3 Simple Strategies For Parent-Teacher Interviews
Do you find parent interview a little intimidating? Perhaps it brings back memories of your school days and strict teachers? When you arrive at the interview you seem to be at a loss for words. Feeling nervous you enter the classroom and wonder what it is going to be about.
At this point try to remember it is your child being discussed and the interview is for the mutual benefit of everyone involved. The key players are you, the teacher and your child.
Three simple strategies will help turn the interview into a positive experience.
- Be prepared – do YOUR homework
- Be open-minded – ask questions and be open to challenging replies
- Be positive- ask for help and follow up.
This helps you to ask the right questions and to be focused on your child’s issues. Take out some reports from the past and see the problem areas mentioned before. Talk to your child and get an idea of any problems he/she maybe having. Knowing weaknesses and strengths will help with asking the right questions.
Write down the concerns you may have and prioritise the most important. Ask questions about how things are done, as your child progresses subjects will change. Go into the interview with one important thing in mind – wanting the best for your child. Make sure you arrive on time and leave younger siblings at home if possible.
BE OPEN MINDED
This gives you the opportunity to listen, ask your questions and be objective. Try to ask what, where, when type of questions and avoid why questions. Why, directed at a person, can appear to be assertive. You want your questions to be constructive and leading but not confrontational. Engage with the teacher in an interested manner as you aim to get the best value from the interview for your child. Find out what are the challenges facing your child in this grade. Is it a subject or is it social? Find out if your child is concentrating, responsible and has good communication skills. Be ready to listen to what the teacher has to say about your child on a day to day basis.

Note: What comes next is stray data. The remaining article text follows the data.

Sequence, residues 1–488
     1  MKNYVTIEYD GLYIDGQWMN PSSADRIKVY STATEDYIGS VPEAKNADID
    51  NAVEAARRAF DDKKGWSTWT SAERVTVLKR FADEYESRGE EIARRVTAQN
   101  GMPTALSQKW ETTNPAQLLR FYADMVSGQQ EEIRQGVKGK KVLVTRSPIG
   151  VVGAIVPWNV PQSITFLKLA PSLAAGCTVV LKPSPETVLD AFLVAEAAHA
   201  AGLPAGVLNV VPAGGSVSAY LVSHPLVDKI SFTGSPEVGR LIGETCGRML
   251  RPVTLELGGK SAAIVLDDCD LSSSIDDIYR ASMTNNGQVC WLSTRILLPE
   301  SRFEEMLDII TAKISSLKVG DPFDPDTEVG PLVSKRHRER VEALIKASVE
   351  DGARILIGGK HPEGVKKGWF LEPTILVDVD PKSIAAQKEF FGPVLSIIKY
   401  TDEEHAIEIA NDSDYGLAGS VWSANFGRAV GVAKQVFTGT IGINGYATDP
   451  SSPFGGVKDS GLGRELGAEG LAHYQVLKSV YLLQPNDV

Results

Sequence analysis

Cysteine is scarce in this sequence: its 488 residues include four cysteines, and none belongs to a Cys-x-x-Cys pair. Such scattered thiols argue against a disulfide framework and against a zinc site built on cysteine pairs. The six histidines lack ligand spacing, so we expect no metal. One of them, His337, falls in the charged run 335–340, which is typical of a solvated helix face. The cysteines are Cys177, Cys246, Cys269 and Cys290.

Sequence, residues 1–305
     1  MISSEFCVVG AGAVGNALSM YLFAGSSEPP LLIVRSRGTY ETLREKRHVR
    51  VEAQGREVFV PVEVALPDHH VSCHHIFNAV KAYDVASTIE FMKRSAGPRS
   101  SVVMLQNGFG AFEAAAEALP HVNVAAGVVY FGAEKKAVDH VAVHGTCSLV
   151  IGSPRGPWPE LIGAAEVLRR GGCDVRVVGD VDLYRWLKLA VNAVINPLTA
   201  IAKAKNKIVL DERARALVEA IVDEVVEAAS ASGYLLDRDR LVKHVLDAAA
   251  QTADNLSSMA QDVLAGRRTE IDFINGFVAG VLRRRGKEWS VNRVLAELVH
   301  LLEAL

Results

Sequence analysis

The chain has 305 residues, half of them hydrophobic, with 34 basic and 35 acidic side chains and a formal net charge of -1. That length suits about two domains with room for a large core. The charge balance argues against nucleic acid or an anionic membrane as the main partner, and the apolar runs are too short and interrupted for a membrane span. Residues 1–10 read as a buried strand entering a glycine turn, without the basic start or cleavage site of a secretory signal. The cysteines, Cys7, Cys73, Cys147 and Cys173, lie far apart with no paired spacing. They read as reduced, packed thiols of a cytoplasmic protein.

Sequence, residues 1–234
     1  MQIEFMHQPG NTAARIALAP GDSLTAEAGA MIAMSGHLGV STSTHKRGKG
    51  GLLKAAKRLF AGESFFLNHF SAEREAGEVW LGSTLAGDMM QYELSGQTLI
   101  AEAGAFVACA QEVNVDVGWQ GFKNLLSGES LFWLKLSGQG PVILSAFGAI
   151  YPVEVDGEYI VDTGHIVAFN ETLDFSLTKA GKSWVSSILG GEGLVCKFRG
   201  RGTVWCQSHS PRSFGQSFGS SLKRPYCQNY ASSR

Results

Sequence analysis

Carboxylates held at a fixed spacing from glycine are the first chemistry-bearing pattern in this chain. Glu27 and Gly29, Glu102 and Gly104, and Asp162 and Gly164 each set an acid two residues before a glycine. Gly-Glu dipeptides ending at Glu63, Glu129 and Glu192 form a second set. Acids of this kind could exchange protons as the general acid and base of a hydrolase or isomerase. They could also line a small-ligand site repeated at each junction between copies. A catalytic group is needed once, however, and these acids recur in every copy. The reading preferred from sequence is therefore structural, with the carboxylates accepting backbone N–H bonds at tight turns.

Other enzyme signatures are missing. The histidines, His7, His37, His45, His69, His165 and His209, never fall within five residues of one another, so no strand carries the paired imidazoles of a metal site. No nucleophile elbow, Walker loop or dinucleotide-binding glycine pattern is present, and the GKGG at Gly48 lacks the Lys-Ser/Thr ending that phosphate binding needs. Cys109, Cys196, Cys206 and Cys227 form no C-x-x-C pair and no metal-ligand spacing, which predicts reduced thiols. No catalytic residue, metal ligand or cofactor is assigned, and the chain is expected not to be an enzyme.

This gives you a huge advantage and you will get more benefit from the interview if you approach your child’s teacher with a positive frame of mind. Ask how you could help your child if there are problems. Find out from the teacher what are your child’s weaknesses and strengths. Ask if your child needs extra help or can you work on the problem at home. Is it a behavioral problem or a learning problem? Be honest about any issues you may have relating to your child’s progress. If you feel the need to see the teacher again set up a follow-up interview to continue to keep the discussion open.
The parent-teacher interview is the right platform for setting goals that will benefit your child. When you get the best out of the interview you should walk away feeling that this was a win-win situation and you found a positive way forward.
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